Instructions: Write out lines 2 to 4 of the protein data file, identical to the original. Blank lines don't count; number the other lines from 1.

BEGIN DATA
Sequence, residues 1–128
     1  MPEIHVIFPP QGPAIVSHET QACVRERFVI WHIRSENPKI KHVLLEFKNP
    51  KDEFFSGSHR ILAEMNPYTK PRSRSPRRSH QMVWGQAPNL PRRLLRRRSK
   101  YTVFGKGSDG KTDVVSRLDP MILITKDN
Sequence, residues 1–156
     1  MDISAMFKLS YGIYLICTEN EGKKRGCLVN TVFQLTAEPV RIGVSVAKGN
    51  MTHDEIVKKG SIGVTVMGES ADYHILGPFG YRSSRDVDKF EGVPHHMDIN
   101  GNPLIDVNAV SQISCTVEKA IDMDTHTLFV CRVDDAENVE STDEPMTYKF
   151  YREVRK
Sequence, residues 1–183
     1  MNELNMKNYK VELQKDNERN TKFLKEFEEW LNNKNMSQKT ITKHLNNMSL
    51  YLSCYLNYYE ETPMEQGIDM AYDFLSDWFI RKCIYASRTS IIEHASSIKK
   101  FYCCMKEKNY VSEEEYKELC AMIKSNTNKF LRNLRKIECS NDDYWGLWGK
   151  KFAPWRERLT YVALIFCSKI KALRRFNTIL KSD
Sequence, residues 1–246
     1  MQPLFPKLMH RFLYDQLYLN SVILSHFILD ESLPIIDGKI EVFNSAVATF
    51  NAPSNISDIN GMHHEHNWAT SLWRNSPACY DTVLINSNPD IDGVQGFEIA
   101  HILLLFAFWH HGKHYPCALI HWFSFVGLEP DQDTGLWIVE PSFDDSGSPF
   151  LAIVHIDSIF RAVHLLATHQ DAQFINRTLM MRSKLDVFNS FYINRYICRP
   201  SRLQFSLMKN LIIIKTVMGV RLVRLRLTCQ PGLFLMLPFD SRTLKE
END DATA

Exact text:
     1  MPEIHVIFPP QGPAIVSHET QACVRERFVI WHIRSENPKI KHVLLEFKNP
    51  KDEFFSGSHR ILAEMNPYTK PRSRSPRRSH QMVWGQAPNL PRRLLRRRSK
   101  YTVFGKGSDG KTDVVSRLDP MILITKDN